Figure 4.7. A simplified view of a sample client activity report statement

Figure 4.8. Sample view of the account activity report sorted and grouped by the instruments traded during the day. Note how the instruments are sorted and the quantities grouped together under each instrument.

Figure 4.9. Sample view of the account activity report sorted and grouped by the quantity of instruments traded during the day.

Figure 4.10. Activity report computation grouped by instrument (groupBy(_.instrument)). Follow the steps in the figure and correlate them with listing 4.10 and the snippet that follows it, which uses the DSL to compute the ActivityReport for “john doe”.

Figure 4.11. Program structures for typed embedding of internal DSLs. These patterns teach you how to think with types in a programming language.

Figure 4.12. Runtime metaprogramming generates code from meta-objects during runtime. The meta-objects generate more objects, which reduces the amount of boilerplate code that you need to write.

Figure 4.13. Compile-time metaprogramming generates code through macro expansion. Note that we’re still in the compilation phase when the code is generated. This technique doesn’t have any runtime overhead, unlike the earlier one in figure 4.12.

Chapter 5. Internal DSL design in Ruby, Groovy, and Clojure

Figure 5.1. Roadmap of the chapter

Figure 5.2. Polymorphism through duck typing. The abstractions Foo and Bar don’t have any common base class, but we can treat them polymorphically in languages that support duck typing.

Figure 5.3. Ruby, Groovy, and Clojure present an interesting mix for DSL implementation

Figure 5.4. How we’ll enrich our Ruby DSL to implement trade processing. At every stage, we’ll make the DSL richer by using the abstraction capability that Ruby offers and add more domain functionality.

Figure 5.5. A DSL facade offers an expressive API to the user. It also keeps the core implementation structures from being exposed.

Figure 5.6. How a sample TradeDSL script is interpreted by the code in listing 5.6 to generate Ruby objects. An instance of security_trade is generated through the DSL interpreter.

Figure 5.7. We’ve developed the DSL for trade generation. Now we’ll add business rules as DSLs to compute cash value of the trade.

Figure 5.8. A look at the alternatives we implemented in our order-processing DSL in earlier chapters

Figure 5.9. How the Groovy DSL script gets transformed into the Semantic model and finally into the Execution model

Figure 5.10. DSL script to execution model for Clojure. Pay attention to the series of steps that the DSL script goes through before it’s ready for execution. As we discussed in chapter 1, the semantic model bridges the DSL script and the execution model.

Chapter 6. Internal DSL design in Scala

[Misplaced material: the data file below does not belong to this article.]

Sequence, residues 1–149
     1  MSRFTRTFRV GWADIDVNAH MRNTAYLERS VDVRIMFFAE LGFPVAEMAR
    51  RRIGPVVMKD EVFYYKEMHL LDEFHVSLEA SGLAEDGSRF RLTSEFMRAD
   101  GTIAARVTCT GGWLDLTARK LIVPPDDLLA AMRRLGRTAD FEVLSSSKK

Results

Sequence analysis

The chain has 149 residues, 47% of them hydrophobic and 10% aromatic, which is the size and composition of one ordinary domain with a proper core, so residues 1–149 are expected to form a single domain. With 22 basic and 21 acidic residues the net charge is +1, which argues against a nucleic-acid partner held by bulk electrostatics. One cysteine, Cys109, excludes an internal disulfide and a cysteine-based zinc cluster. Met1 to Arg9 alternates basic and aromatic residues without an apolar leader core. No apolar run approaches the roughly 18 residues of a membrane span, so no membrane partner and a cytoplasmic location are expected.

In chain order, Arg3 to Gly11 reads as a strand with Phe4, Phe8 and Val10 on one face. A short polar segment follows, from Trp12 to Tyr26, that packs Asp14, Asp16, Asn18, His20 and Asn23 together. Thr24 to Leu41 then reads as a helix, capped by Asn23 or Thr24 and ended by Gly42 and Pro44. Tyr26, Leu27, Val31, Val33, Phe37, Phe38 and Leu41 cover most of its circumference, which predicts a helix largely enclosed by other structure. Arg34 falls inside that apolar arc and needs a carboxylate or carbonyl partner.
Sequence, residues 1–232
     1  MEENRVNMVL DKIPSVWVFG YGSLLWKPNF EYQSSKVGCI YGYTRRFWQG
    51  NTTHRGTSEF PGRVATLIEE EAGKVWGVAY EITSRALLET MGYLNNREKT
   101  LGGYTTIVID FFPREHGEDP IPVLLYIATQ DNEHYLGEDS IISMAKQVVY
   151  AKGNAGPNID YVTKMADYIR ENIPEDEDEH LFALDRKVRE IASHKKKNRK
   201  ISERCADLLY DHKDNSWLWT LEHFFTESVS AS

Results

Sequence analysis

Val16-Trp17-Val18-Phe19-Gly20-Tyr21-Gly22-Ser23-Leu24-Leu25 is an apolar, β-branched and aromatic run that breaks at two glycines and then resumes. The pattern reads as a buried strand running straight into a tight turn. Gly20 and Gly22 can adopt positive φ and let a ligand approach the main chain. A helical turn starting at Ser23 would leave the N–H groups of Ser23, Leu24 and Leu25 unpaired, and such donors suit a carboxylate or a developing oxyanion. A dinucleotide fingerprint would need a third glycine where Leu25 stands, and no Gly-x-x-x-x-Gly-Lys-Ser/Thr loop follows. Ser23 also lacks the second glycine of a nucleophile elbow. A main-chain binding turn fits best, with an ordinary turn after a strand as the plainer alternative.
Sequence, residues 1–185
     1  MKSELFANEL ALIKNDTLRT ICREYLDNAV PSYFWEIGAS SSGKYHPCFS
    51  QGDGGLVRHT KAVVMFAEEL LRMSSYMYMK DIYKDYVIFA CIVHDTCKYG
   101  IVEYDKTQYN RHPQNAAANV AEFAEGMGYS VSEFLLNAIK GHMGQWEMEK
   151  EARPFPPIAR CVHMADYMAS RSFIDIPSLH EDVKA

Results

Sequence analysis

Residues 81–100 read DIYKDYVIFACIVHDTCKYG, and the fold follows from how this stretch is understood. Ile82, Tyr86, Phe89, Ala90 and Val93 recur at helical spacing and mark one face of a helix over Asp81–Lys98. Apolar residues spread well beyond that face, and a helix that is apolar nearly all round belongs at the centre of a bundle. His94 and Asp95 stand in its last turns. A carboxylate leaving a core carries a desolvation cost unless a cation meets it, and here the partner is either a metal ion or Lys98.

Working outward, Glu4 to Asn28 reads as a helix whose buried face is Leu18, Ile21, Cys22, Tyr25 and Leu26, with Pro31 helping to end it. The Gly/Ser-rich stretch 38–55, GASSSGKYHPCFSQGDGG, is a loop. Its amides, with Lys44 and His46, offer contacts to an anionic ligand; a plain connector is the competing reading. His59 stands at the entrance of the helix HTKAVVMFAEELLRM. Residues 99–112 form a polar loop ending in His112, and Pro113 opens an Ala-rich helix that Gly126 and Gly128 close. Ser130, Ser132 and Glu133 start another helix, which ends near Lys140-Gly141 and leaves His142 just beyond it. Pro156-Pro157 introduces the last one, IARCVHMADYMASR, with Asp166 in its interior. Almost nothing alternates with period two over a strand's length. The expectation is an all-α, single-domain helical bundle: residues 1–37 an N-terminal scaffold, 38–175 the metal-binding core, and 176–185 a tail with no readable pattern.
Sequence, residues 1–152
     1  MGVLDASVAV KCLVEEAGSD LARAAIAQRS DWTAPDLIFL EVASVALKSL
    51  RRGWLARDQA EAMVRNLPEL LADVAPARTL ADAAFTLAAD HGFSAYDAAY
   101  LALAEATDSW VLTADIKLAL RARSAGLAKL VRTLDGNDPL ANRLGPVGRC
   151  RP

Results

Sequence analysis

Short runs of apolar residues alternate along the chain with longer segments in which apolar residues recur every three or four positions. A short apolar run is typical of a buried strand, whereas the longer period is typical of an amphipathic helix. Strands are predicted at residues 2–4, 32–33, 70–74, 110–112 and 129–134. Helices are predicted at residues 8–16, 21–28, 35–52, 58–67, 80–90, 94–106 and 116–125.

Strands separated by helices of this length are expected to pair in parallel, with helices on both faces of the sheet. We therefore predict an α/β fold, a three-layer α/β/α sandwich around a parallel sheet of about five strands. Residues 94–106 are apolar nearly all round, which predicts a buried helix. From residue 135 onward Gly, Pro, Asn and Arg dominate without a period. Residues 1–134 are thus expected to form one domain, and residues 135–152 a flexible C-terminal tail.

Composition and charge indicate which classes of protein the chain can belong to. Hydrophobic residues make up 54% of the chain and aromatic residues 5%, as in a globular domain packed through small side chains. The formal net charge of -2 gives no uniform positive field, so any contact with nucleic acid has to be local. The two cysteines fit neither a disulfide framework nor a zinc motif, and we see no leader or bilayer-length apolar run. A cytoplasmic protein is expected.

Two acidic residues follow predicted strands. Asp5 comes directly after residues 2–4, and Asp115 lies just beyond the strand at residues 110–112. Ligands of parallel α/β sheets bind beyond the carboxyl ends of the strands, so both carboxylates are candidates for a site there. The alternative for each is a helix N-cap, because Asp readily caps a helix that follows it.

Figure 6.1. Our roadmap through this chapter

Figure 6.2. You don’t need to start doing Scala in production code from day one. These are some of the baby steps that you can start with, in no specific order, during the lifetime of your project.

Figure 6.3. With Scala you can use the dual power of OO and functional programming to evolve your domain model. Using the OO features of Scala, you can abstract over types and values, specialize a component through subtyping, and do composition using mixins. You can also use the functional features of Scala through its higher-order functions, closures, and combinators. Finally, you can compose all of this using modules and get your final abstraction.

Figure 6.4. Sequence of implicit conversions that leads to the construction of the FixedIncomeTrade instance. Read the figure from left to right and follow the arrows for implicit conversions and the subsequent creation of helper objects.

Figure 6.5. Tax fee component model for the trading solution. The class diagram shows the static relationship between the TaxFeeCalculationComponent and the collaborating abstractions.

Figure 6.6. TradeDSL has an abstract type member T <: Trade, but EquityTradeDSL has the concrete type T = EquityTrade and FixedIncomeTradeDSL has the concrete type T = FixedIncomeTrade. TradeDSL has two specializations in EquityTradeDSL and FixedIncomeTradeDSL.

Chapter 7. External DSL implementation artifacts

Figure 7.1. Our roadmap through the chapter

Figure 7.2. The simplest form of an external DSL. The parsing infrastructure does everything necessary to produce the target actions. The phases of processing the DSL script (lexicalization, parsing, generating the AST, and code generation) are all bundled in one monolithic block.

Figure 7.3. Separation of concerns for the four responsibilities that the single box in figure 7.2 was doing. Each dotted region can now encapsulate the identified functionalities.

Figure 7.4. We’ve split the parsing infrastructure box of figure 7.2 into two separate abstractions. The parser takes care of the core parsing of the syntax. The semantic model is now a separate abstraction from the parsing engine. It encapsulates all the domain concerns that are ready to be fed into the machinery that generates all the target actions.

Figure 7.5. The semantic model evolves bottom-up as a composition of smaller domain abstractions. You develop smaller abstractions for domain entities, as indicated by the dotted rectangles. You then compose them together to form larger entities. In the end, you have the entire domain abstracted in your semantic model.

Figure 7.6. The process of parsing. The language script is fed into the lexical analyzer that tokenizes and feeds them into the parser.